As Macarons are rather in vogue at the moment, I thought they would be a fun challenge this summer, which doesn’t mean I can bring myself to pull out a French accent to say the name properly. I am sticking with the Scottish naming variation, making foodies shudder I am sure.
While my first attempt didn’t come out looking like the pretty ones at La Belle Miette (macarons are all they sell!) they didn’t look too bad. But then I found Hisako Ogita’s incredibly comprehensive macaron bible – I (heart) Macarons.
While using beakers and multi-page recipes is not really my thing, the macarons came out beautifully, so hats off to Hisako.
However I find that after following the biscuit recipe faithfully, I don’t have the energy to make the fancy cream (and I discovered soy milk does not work in custard crème) so buttercream is all I have to offer at this point.
The recipe below is for Cardamom macarons, but vanilla extract or seeds can be added to the egg mixture after the sugar to make a vanilla version.
Go find a copy of the book if you want to see the beakers, it seems macarons are more science than art!
Cardamom Macarons with Chocolate Buttercream
Adapted from Hisako Ogita’s I (heart) macarons
2/3 cup (85g) ground almonds
1 ½ cups (150g) icing sugar
3 large egg whites at room temperature
5 tablespoons (65g) caster sugar
¾ teaspoon of ground or finely chopped green cardamom seeds
Draw circles (2.5cm across) onto a sheet of baking paper as a guide, put this drawn side down on two stacked baking trays
Sift ground almonds, cardamom and icing sugar together
In a stainless steel bowl beat eggwhites with an electric beater until they are foamy
Gradually add the caster sugar, then beat until stiff, glossy peaks are formed
Add half the dry mixture to the eggs, stir with a spatula, scooping up from the bottom of the bowl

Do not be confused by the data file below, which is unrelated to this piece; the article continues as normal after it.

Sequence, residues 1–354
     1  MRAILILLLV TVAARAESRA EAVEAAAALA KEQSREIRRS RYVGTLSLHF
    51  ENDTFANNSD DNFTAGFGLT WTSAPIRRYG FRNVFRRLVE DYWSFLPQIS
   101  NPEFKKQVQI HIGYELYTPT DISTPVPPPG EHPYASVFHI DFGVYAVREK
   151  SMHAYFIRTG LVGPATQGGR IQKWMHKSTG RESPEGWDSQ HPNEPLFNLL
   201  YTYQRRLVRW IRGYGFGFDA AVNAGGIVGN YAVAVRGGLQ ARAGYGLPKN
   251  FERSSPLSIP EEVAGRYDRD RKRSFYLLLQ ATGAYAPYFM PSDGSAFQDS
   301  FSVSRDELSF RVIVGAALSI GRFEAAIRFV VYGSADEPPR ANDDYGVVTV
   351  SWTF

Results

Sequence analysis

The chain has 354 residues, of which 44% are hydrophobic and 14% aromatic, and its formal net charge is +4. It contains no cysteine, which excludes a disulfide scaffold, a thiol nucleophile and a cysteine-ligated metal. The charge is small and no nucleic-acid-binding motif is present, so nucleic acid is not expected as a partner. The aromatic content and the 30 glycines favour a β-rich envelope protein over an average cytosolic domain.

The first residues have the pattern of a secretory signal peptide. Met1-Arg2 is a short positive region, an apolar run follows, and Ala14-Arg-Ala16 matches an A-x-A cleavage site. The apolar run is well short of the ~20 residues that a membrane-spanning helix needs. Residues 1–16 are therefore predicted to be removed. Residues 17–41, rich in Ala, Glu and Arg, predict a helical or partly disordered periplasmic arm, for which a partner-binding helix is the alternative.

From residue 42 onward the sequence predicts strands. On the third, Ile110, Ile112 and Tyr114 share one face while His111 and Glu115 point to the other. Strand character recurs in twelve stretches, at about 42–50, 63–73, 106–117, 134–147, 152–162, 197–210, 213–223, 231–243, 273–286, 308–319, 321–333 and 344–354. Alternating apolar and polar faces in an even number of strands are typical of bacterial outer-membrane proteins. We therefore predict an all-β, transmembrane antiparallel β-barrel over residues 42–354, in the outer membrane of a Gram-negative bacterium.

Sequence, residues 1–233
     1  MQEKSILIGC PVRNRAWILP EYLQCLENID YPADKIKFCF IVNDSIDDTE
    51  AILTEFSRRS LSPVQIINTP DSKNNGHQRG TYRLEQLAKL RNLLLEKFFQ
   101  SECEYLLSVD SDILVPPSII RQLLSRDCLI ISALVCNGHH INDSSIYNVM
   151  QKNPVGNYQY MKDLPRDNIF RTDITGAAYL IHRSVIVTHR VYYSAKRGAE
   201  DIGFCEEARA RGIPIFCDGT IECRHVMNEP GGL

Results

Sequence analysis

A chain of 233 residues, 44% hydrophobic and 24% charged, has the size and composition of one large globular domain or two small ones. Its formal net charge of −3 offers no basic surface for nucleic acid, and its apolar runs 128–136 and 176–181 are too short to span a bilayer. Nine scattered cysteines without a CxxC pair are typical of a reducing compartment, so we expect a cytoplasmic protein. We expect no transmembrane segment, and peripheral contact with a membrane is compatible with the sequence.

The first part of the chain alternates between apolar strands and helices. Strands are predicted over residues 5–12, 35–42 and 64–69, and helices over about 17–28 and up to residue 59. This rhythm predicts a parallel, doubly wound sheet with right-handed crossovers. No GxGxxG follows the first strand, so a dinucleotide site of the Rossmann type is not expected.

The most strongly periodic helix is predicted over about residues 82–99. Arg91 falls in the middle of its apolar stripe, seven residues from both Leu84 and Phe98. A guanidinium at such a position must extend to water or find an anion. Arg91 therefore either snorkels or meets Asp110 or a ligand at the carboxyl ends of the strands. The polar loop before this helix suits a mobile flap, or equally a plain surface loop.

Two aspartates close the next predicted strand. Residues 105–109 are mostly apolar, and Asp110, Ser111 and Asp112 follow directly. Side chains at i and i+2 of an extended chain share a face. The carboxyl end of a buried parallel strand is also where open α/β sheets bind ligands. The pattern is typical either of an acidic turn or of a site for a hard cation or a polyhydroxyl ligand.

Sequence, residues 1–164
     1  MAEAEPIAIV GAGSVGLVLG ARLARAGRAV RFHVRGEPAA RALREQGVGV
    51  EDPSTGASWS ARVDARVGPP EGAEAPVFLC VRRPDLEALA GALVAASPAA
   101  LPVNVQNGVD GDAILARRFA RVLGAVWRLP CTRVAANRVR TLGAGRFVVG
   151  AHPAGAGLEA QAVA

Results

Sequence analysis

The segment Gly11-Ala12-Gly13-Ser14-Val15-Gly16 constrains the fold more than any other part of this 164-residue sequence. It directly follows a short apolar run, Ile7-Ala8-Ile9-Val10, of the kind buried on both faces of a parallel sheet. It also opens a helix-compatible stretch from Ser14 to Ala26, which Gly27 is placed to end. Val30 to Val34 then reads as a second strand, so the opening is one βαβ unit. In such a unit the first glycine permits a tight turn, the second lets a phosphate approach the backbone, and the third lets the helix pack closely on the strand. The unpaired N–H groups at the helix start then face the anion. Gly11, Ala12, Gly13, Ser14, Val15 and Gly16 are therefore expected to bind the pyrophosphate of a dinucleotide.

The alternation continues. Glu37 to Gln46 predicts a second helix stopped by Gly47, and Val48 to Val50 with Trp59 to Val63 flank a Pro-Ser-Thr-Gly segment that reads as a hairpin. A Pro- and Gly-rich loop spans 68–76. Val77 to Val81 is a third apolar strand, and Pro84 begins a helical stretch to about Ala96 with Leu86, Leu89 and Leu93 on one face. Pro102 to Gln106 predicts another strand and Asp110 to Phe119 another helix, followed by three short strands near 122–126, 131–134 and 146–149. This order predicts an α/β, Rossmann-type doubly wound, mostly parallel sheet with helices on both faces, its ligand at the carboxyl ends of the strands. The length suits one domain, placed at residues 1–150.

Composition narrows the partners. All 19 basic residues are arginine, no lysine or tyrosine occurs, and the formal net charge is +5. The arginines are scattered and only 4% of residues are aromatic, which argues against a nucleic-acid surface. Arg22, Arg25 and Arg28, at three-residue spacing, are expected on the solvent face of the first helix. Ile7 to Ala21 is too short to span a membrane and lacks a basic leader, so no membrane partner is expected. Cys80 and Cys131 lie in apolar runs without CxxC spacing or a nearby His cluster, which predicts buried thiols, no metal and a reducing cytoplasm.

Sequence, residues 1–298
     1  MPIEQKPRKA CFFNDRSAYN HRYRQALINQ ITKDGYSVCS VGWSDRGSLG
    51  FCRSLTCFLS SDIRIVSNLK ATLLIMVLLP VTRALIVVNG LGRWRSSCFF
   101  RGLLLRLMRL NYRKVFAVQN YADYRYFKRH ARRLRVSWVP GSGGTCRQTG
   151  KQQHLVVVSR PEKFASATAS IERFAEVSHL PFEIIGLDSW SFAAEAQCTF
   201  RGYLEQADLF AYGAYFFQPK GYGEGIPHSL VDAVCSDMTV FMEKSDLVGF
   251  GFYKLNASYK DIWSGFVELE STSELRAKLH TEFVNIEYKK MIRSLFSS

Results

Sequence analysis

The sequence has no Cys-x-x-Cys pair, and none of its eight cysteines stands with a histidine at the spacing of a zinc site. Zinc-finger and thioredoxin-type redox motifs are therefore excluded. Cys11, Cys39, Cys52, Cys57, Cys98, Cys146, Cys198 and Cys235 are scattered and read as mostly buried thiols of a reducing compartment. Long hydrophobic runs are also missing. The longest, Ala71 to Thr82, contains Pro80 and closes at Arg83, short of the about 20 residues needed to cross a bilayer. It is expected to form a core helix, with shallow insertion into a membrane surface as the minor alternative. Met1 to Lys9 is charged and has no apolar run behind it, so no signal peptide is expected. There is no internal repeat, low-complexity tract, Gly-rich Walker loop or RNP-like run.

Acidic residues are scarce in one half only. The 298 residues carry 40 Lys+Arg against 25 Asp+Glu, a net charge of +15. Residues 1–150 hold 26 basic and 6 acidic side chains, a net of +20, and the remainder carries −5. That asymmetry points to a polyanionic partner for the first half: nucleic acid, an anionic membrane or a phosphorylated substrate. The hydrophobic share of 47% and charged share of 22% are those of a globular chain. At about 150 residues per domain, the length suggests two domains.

Add the rest of the dry mixture and stir lightly to combine
When mixed, press and spread the batter against the bowl 15 times. You want to scoop the batter from the bottom and turn it over. (I find I need to do this about 18 times, but I might just be a bit light handed) The batter is done when it is firm and drips slowly from the spatula
Use a 1cm circular tip on a pastry bag (or snaplock bag in my case) to pipe small circles onto the baking tray, the idea is not to have little pointy tips, but mine always do
Rap the baking tray firmly on the bench once
Preheat your oven to 190ᵒC with racks in the centre of the oven
Let the batter dry, uncovered for 15 minutes, or until the batter does not stick to your finger when you touch it
Bake for 15 to 18 minutes, turning the tray once to cook the macarons evenly. I found mine started turning a bit brown, so I put a piece of tinfoil over the top after about 5 minutes cooking time
Let macarons cool on the tray for a bit before transferring to a wire rack
I don’t follow a recipe when I make buttercream, I just add icing sugar to the butter mixture until I have the consistency I want (there is a reason I didn’t get to the filling section in the book)
100g dark chocolate
Some icing sugar (1-2 cups)
Melt chocolate, either in a double boiler on the stove or carefully in the microwave
Soften butter, add melted chocolate
Add some icing sugar and mix, add more sugar if the mixture is too runny, you want the buttercream to be quite stiff so it doesn’t melt all over the macarons
Pipe or spoon the buttercream onto cooled macarons, to make a tasty meringue sandwich!